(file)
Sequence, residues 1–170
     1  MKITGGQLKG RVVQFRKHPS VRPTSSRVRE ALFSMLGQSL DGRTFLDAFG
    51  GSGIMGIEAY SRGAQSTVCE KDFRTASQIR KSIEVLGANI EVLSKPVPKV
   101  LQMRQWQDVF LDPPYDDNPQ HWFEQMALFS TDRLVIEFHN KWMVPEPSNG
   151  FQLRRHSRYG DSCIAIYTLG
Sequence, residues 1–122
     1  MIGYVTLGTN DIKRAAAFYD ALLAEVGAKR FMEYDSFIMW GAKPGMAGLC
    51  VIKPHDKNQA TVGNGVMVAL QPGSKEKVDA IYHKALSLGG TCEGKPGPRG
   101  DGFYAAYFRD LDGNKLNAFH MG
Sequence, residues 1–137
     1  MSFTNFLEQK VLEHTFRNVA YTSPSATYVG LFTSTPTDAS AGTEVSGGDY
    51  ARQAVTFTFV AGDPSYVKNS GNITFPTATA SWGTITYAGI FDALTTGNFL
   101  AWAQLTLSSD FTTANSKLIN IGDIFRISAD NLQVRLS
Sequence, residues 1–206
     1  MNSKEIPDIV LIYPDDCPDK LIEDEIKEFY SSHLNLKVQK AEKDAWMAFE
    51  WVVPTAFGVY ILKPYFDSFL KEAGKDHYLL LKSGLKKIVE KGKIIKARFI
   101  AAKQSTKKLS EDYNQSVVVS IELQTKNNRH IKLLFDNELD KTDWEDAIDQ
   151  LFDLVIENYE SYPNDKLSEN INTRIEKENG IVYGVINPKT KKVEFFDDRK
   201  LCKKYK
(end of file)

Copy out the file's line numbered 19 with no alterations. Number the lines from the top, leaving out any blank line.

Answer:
   201  LCKKYK